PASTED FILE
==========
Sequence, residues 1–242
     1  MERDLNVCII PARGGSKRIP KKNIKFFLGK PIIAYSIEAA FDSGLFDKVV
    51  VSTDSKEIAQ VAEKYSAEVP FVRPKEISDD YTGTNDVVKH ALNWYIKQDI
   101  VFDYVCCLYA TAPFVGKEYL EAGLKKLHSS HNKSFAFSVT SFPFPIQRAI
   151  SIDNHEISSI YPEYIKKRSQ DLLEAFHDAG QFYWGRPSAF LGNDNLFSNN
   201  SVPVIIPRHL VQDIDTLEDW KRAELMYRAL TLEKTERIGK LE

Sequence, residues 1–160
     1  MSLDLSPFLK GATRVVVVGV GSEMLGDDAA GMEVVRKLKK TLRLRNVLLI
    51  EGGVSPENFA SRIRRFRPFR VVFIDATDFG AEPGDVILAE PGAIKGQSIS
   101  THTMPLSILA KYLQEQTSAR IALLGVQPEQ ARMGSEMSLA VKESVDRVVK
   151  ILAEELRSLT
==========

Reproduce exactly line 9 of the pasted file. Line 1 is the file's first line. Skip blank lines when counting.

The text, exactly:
    51  EGGVSPENFA SRIRRFRPFR VVFIDATDFG AEPGDVILAE PGAIKGQSIS